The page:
CVS braces for more Medicare Advantage pressure

Medical costs for 2023 may be higher than CVS Health projected, CFO Thomas Cowhey said. 

At a Jan. 8 presentation at the JPMorgan Healthcare Conference, Mr. Cowhey said the company's medical-loss ratio, the proportion of premium dollars spent on health benefits, may be higher than the 86% the company projected, based on higher spending in the fourth quarter of 2023. 

Several insurers warned of rising medical costs in 2023, especially in the Medicare Advantage business, where pent-up demand drove higher utilization of elective procedures. 

CVS Health, and several other payers' stock prices, dipped after Mr. Cowhey's remarks, Bloomberg reported Jan. 8.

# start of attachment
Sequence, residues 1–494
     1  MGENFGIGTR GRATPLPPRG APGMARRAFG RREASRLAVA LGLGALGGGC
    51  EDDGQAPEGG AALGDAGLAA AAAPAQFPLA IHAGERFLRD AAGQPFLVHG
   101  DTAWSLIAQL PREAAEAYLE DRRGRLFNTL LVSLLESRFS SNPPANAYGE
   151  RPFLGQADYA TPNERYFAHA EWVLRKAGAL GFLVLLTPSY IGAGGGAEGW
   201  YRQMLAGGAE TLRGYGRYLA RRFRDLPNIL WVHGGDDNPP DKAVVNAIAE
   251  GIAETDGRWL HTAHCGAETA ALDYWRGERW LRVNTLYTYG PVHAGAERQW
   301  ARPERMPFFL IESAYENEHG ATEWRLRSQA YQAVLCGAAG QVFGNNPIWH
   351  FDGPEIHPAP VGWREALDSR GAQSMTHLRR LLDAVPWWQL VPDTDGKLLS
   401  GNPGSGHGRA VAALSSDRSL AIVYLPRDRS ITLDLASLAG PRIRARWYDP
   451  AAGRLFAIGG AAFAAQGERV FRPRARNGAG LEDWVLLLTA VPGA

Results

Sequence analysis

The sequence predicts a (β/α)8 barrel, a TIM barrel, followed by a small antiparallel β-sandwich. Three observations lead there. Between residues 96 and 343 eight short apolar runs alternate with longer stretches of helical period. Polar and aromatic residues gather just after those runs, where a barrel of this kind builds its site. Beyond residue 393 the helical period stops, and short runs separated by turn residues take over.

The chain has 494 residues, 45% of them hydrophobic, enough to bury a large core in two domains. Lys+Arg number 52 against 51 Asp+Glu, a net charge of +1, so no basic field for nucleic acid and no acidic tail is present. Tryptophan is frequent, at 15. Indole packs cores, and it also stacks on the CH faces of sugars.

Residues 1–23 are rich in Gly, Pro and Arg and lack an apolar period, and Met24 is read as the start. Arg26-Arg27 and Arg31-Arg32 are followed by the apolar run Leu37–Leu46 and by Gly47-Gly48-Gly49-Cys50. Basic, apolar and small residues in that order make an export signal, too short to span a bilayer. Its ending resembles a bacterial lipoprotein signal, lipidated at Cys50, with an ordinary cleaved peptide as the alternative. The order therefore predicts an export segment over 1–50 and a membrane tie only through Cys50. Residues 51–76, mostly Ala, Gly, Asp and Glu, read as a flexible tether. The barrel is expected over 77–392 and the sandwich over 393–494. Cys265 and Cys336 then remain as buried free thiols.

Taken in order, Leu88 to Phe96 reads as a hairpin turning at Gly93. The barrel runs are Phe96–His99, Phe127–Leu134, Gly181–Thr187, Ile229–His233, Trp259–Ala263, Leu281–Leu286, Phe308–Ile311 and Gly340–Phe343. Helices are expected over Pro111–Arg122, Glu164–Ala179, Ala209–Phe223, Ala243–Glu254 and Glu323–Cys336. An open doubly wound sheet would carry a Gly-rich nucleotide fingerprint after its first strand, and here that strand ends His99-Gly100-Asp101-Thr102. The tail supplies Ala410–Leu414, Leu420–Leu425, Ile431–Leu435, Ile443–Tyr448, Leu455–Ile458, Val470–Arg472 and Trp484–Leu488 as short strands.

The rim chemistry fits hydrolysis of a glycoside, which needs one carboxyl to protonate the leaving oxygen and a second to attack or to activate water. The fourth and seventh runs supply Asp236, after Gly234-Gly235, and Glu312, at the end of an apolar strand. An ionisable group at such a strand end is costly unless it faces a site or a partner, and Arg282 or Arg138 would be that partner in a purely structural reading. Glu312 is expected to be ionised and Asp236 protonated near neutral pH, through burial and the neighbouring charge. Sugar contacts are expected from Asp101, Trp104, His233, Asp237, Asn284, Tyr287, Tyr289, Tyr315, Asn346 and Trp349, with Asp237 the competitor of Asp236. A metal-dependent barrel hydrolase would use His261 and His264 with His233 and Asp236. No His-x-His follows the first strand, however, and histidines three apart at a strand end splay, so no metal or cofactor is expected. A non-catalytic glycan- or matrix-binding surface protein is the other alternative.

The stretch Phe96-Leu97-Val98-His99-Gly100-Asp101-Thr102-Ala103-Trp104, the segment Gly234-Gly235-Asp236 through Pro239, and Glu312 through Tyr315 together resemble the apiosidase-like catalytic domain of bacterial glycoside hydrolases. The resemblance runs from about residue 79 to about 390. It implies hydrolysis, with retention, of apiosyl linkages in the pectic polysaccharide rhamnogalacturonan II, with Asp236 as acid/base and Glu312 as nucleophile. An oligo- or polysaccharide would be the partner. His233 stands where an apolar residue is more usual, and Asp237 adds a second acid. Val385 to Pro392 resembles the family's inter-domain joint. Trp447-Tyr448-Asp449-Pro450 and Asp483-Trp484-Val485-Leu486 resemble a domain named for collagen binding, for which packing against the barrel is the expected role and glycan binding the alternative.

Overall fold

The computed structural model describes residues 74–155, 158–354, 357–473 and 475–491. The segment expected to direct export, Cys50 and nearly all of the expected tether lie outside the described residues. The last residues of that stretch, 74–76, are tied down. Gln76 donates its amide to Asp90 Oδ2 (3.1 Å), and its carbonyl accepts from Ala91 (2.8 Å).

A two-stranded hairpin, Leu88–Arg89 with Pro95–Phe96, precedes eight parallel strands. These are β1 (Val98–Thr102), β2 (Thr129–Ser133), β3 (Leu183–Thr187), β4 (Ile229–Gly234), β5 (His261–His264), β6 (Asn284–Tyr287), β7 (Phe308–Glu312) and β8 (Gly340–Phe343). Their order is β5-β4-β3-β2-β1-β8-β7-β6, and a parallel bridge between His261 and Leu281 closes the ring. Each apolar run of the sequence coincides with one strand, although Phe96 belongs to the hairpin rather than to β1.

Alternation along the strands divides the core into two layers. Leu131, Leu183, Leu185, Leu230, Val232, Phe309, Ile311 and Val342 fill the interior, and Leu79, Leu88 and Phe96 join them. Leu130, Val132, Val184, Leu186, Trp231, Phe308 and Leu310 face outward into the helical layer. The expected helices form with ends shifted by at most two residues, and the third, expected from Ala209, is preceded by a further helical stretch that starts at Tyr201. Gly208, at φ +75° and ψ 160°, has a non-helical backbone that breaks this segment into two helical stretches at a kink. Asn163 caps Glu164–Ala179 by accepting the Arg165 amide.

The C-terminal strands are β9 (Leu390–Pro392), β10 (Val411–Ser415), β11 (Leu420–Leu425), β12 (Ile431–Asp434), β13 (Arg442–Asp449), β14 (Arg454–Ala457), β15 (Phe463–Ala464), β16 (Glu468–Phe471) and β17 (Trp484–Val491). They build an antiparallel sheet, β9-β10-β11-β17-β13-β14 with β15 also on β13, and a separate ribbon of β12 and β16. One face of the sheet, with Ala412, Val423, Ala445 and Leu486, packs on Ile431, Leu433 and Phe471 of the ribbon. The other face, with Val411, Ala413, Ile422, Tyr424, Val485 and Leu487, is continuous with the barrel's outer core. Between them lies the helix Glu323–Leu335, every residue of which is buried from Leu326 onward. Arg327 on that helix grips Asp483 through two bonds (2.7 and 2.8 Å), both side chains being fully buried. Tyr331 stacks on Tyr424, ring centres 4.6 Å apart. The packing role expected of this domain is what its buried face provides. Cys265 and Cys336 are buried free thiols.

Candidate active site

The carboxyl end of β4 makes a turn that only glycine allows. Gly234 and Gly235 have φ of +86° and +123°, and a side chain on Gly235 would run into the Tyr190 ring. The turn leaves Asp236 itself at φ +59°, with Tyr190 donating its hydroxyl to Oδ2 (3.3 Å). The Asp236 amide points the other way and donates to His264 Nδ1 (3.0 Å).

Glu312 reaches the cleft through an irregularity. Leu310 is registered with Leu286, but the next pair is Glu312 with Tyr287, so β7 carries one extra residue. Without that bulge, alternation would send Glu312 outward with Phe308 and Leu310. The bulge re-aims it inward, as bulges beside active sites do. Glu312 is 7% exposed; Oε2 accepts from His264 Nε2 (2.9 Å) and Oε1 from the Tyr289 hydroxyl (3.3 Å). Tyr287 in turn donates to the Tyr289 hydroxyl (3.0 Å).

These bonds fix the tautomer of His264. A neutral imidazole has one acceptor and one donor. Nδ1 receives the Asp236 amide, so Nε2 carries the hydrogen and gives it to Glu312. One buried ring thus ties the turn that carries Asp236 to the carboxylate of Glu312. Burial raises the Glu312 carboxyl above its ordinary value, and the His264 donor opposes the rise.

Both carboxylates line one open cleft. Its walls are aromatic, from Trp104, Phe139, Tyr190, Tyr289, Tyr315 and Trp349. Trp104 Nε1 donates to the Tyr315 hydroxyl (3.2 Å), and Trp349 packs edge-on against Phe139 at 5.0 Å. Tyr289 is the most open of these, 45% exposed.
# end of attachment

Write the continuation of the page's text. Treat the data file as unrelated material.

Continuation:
Aetna, CVS Health's insurance business, will also face pressure from its star ratings in 2024. The company will lose out on bonus payments from CMS in 2024 because its large national PPO contract lost its four-star rating in 2024. 

Aetna will regain bonus payments in 2025 because the company improved its star ratings for 2024. 

Still, CVS expects the Medicare Advantage business to break even in 2024, because of higher-than-expected growth and a higher proportion of members switching from other insurers' MA plans to Aetna, Mr. Cowhey said. Members switching to a new MA plan tend to have lower medical costs than those receiving Medicare coverage for the first time. 

"We've seen significantly enhanced retention inside that growth, more so than we were anticipating," Mr. Cowhey said. "The combination of those factors gives us confidence that we should see a neutral contribution from those numbers." 

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